Amazon introduces cross-continental selling: The impact of Global Store on your brand
We’ve recently come across several huge seller accounts with the name ‘Amazon Global Store’.
If you’re a consumer in Germany, you can now buy hundreds of thousands of products from Amazon Global Store US; if you’re in the US, you can do the same from Amazon Global Store UK.
What is Amazon doing?
The world is becoming flatter and flatter, closer and closer. It happened first with communication technology, and now physical products can move faster around the planet too.
Amazon grew thanks to improved logistics, first inside the US, then in other countries. It is doing the same now with transcontinental business.
Why are they doing it?
Amazon wants to have the widest retail offer in the world, so it’s making the same products available to more and more consumers.
If you have a Vendor account with Amazon in Europe, it is already buying from you in one country and then making your product available in the whole of Europe. Global Store is the next step.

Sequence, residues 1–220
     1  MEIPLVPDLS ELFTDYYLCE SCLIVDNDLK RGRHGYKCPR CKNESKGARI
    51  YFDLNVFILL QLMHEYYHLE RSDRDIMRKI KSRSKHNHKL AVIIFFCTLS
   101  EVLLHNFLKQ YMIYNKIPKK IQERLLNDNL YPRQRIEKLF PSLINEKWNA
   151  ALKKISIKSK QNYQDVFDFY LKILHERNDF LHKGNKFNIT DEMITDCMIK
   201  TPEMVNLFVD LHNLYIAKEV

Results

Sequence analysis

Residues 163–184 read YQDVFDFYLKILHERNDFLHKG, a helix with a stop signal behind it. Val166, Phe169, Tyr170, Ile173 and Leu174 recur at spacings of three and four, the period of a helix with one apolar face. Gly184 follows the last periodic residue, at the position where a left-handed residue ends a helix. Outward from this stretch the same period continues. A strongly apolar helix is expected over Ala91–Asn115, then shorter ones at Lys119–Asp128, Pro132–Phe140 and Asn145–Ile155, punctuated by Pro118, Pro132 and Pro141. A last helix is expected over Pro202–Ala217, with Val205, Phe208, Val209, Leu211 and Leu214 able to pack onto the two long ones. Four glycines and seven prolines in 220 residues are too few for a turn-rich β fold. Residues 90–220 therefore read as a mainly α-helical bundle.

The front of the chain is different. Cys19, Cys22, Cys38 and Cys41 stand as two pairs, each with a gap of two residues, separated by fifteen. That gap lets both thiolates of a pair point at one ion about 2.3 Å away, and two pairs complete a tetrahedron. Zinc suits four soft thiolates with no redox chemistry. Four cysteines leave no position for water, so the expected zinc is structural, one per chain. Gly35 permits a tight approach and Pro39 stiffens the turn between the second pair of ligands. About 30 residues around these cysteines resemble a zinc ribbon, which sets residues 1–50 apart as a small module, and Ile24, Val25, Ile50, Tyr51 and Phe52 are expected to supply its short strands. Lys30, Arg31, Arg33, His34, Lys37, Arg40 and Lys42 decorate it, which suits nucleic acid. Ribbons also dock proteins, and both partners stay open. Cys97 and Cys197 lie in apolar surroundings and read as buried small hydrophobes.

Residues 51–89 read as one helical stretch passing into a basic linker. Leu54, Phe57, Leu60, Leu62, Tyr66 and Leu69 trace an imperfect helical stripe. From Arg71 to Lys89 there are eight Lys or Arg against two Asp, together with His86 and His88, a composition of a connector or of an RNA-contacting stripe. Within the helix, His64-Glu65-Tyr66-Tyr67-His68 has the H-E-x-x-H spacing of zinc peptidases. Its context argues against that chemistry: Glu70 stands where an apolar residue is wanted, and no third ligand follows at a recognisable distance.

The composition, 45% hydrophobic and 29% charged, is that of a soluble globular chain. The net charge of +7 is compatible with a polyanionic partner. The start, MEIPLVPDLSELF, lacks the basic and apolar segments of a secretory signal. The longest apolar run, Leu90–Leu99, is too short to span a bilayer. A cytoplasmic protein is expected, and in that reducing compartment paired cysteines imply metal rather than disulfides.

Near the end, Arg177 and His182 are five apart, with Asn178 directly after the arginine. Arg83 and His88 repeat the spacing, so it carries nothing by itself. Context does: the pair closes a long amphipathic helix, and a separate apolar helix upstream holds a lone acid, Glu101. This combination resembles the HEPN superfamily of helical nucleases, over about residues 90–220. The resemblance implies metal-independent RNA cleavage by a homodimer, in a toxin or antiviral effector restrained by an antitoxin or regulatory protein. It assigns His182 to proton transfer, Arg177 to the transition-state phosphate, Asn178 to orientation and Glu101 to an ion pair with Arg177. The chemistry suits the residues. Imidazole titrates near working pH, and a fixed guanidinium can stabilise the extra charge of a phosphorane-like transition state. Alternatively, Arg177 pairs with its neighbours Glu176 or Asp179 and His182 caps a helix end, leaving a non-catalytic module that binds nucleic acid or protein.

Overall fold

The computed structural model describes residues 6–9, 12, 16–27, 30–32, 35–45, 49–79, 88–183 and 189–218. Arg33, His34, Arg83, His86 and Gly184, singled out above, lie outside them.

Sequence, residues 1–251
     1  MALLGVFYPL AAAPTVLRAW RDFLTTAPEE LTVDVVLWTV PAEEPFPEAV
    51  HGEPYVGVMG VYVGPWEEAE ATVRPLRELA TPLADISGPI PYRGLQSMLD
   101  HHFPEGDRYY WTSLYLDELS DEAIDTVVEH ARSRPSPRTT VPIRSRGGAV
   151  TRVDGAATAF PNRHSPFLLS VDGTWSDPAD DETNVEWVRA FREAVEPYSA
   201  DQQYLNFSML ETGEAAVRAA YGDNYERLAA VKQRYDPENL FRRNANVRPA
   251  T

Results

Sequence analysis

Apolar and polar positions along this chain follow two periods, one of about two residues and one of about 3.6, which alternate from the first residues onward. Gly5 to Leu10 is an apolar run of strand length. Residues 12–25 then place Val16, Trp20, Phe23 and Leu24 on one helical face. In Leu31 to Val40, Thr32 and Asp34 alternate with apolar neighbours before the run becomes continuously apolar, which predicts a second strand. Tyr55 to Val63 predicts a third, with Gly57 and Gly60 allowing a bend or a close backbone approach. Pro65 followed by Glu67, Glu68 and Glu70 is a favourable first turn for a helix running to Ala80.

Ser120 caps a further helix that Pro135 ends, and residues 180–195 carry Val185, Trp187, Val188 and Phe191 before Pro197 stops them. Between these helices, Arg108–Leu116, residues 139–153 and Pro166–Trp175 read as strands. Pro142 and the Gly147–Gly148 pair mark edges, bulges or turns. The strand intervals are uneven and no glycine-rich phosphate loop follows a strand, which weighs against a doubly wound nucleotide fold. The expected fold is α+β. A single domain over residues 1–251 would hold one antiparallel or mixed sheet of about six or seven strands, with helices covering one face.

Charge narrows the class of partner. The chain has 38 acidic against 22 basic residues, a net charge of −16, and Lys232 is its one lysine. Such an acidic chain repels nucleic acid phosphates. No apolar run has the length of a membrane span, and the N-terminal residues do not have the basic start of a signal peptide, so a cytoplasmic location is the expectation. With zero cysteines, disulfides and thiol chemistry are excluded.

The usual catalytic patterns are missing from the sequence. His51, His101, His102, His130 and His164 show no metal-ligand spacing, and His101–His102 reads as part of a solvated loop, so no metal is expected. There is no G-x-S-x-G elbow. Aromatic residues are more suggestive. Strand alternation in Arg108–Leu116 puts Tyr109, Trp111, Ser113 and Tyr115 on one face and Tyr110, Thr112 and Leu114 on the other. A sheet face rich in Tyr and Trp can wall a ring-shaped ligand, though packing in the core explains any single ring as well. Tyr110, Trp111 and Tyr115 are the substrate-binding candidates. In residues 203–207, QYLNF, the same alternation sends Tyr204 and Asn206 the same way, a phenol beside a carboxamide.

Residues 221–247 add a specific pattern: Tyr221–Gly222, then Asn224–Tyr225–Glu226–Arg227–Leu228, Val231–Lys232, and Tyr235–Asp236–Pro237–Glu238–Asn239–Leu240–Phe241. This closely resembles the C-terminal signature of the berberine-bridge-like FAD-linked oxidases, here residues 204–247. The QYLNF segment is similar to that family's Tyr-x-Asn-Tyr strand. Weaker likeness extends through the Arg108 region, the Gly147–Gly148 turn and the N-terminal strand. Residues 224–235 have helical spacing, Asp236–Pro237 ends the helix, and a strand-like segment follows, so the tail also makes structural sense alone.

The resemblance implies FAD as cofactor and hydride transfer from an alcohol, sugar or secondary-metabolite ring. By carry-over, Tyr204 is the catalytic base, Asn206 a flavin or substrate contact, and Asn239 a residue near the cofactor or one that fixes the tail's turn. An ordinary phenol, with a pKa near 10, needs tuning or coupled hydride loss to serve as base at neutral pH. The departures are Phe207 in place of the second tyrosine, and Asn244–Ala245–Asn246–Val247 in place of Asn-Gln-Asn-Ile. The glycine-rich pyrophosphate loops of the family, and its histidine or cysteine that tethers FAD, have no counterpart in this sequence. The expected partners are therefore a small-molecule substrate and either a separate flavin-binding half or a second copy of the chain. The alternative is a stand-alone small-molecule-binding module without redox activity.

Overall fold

Will they do this with my product?
Amazon is first targeting small items, for which the transport cost will not kill the profitability. Then it will target products or brands that are not active, or have little or no availability on Amazon. Third will be best sellers that have availability issues.
How are they doing it?
There is no data to show where Amazon is getting the products from. Our best guess is that they are using two sources: vendor accounts in Europe and in the US; and sellers that have enabled the function to let Amazon buy from their seller account (this option is visible in some accounts).
What should brands do?
Distributors and other businesses might be selling your products on Amazon, even if you’re not selling on it yourself. It makes sense to get an account just to control what’s happening with your products. Then you can look into protecting your brand with Amazon brand registry, and check who is supplying your products on Amazon.
More than ever, Global Store makes having a worldwide pricing strategy inevitable; if you’re a vendor, having a special price in Europe could mean prices going down in the US.